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Michele Buzon - 2017 Lu Ann Aday Award

Michele Buzon

Michele Buzon – 2017 Lu Ann Aday Award

Michele R. Buzon is a professor in the Department of Anthropology. She came to Purdue University in 2007 as an assistant professor of anthropology. She was promoted to associate professor in 2010 and to professor in 2017.

She earned her Bachelor of Science degree in Anthropology from Loyola University Chicago. She earned her master's degree and PhD in anthropology, specializing in bioarchaeology, from the University of California, Santa Barbara. Prior to joining the Purdue faculty, she was an Izaak Walton Killam Memorial Postdoctoral Fellow at the University of Alberta (Canada), working in the Department of Anthropology and the Radiogenic Isotope Facility. She previously taught in the Department of Archaeology at the University of Calgary.

Her research interests are in bioarchaeology, with a focus on paleopathology, biological relatedness and strontium isotope evidence for residential mobility in the ancient Nile Valley. She also has served as a bioarchaeological consultant on projects in the United States and Peru.

Buzon's work has been published in the top publications for her discipline, including American Anthropologist, American Journal of Physical Anthropology, Current Anthropology, Journal of Archaeological Science and International Journal of Osteoarchaeology. She serves as the Reviews Editor for the International Journal of Paleopathology. In 2014, she was named a Purdue University Faculty Scholar.

Life and Death by the Nile: Tales from the Tombs of Tombos


Beginning about 1500 B.C., the New Kingdom Egyptian Empire expanded into its southern neighbor, Nubia, in search of resources such as gold and cattle. Over the next few hundred years, interactions between the ancient Egyptians and Nubians would include violent encounters, trade and exchange, political relationships and the establishment of interethnic communities. One Egyptian colonial community established in Nubia — Tombos in northern Sudan — spans the period from Egyptian expansion through the empire's decline, allowing for rare perspective on this socio-political transition.

In her talk, Buzon will explore the processes of change and the consequences of contact for the people who once lived in Tombos. Evidence of disease stress, nutritional deficiencies, immigration from Egypt to Nubia and the biological relatedness between inhabitants will be presented. Osteobiographies of specific individuals from Tombos will be described to highlight how the rich archaeological record can be used to understand past societies.

Research Accomplishments

Professor Buzon is a leading researcher in bioarchaeology, making significant contributions using an interdisciplinary and contextual approach that incorporates several types of skeletal data with material remains from burials to reconstruct lives and deaths of people in the past.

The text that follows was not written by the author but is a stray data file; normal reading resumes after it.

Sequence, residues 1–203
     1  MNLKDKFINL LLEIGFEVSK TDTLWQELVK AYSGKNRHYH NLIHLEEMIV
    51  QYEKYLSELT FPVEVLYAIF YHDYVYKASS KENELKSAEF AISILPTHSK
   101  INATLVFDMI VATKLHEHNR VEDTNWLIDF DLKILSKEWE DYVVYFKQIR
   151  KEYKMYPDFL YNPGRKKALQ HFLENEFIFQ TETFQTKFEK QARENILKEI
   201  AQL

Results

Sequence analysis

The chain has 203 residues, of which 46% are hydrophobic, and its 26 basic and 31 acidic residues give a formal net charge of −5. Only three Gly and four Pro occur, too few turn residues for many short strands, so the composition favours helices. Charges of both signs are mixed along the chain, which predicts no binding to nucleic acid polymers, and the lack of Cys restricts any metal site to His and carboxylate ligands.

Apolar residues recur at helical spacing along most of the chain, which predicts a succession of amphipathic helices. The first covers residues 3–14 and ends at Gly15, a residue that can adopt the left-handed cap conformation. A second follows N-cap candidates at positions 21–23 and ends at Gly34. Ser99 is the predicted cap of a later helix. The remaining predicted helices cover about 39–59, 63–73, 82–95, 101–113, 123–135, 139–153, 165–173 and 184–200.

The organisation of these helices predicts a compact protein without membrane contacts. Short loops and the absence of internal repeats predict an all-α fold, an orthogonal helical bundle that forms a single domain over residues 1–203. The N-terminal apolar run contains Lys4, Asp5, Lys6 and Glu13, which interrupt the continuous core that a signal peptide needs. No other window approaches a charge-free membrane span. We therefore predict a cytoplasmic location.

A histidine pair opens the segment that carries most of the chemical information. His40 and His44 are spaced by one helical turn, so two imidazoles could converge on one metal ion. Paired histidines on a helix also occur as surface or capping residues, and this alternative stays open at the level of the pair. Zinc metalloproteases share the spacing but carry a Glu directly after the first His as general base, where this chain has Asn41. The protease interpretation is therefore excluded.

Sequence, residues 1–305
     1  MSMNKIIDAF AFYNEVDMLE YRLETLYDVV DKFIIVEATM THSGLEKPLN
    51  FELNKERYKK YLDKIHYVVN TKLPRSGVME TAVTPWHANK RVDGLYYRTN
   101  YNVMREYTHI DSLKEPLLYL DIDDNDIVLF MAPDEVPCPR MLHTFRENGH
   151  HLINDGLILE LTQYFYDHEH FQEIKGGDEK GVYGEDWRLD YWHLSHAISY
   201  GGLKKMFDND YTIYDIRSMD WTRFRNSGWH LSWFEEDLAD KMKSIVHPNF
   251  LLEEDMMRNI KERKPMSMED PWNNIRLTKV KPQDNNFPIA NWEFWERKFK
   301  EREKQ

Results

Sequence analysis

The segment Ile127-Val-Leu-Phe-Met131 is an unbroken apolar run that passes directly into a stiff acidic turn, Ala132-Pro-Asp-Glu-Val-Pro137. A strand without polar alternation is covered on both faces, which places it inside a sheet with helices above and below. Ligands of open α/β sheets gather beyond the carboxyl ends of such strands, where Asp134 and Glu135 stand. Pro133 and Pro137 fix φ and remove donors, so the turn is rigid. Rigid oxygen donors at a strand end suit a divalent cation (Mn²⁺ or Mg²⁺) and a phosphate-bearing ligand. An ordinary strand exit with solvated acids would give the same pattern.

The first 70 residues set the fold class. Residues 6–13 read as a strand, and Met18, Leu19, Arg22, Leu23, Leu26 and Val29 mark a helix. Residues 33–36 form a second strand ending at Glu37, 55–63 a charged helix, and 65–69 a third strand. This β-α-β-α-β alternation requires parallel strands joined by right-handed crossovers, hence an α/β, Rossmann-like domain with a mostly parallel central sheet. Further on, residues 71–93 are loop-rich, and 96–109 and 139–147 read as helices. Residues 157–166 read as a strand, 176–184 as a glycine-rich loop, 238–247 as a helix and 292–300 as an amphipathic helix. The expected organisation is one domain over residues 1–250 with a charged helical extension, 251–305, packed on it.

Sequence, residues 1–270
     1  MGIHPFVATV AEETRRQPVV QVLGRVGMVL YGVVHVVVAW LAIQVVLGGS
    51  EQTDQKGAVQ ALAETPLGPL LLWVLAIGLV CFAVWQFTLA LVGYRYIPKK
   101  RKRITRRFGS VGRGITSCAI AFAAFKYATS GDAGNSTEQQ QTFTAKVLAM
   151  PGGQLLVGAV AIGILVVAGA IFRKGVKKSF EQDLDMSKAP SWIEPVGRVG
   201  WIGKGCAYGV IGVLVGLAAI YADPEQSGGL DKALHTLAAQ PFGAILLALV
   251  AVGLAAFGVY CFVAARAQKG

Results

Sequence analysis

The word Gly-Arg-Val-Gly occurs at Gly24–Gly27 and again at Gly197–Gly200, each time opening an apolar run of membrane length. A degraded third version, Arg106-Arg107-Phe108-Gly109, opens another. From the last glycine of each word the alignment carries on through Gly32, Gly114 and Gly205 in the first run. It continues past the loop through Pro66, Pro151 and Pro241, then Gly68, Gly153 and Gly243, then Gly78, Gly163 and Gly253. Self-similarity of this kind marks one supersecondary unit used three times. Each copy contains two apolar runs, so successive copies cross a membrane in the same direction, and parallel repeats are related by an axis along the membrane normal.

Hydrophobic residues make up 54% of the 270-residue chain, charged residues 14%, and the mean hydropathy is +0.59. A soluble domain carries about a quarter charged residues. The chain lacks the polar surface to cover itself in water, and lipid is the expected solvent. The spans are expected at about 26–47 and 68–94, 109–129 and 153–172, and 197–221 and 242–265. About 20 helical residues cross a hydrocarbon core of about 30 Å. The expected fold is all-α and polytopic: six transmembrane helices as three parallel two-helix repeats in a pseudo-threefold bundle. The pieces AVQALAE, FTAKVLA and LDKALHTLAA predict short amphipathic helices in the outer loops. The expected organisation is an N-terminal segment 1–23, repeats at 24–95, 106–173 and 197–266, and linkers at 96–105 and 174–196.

Much of her research has focused on understanding the processes of change and consequences of contact between people who inhabited the ancient Nile River Valley of Egypt and Nubia during the New Kingdom Egyptian occupation of Nubia (approximately 1530-1070 B.C.), and through the later Nubian Napatan rule of Egypt (approximately 750-650 B.C.). Research highlights include:

  • Established strontium isotope variability in the ancient Nile Valley.
  • Determined temporal trends in immigration of Egyptian colonists into Nubia during the New Kingdom period using strontium isotope data.
  • Demonstrated biological and cultural interaction at Tombos using craniometrics and mortuary analyses from New Kingdom to Napatan periods.
  • Provided paleopathological evidence for biological resilience of ancient Nubians at Tombos — few signs of infectious disease, nutritional deficiencies, interpersonal violence and physical trauma.

Buzon and her interdisciplinary research teams use a combination of research methods to provide a window into disease stress and nutritional deficiencies. She explores biological connections between individuals and groups using cranial measurements and nonmetric traits. Through strontium isotope analysis, she demonstrates the presence of first-generation immigrants at ancient sites. Her work also integrates cultural and ethnic identity with biological markers via mortuary analyses of tomb types, burial rituals, artifacts and Egyptian writings.

She has examined groups within the study populations, including indigenous and immigrant, elite and non-elite, women and men, and adults and children. During her research on health and population dynamics, she has studied over 1,000 individuals from several ancient Nile Valley sites, curating more than 200 of them from the site of Tombos in her skeletal collection at Purdue.

Over the last 17 years, Buzon and Professor Stuart Tyson Smith, an Egyptologist and archaeologist, have used an interdisciplinary approach on her project at Tombos to understand how socio-political transitions affected different aspects of people's lives during these periods of change. Through biological and isotopic evidence, her work has established the interaction and collaboration of Nubians and immigrant Egyptians at Tombos to produce a healthy community during the New Kingdom Egyptian colonial period. The community continued to thrive and influence the postcolonial and subsequent Napatan population.

As a result of her expertise in bioarchaeological methods, she has been involved in collaborative research outside of the Nile Valley, including isotopic and paleopathological analyses of sacrifice and decapitation in ancient Peru, the Gold Rush era, prehistoric burials in California and Illinois, and the transition to agriculture in the American Southwest. She has published several articles on bioarchaeology that are widely read and cited.

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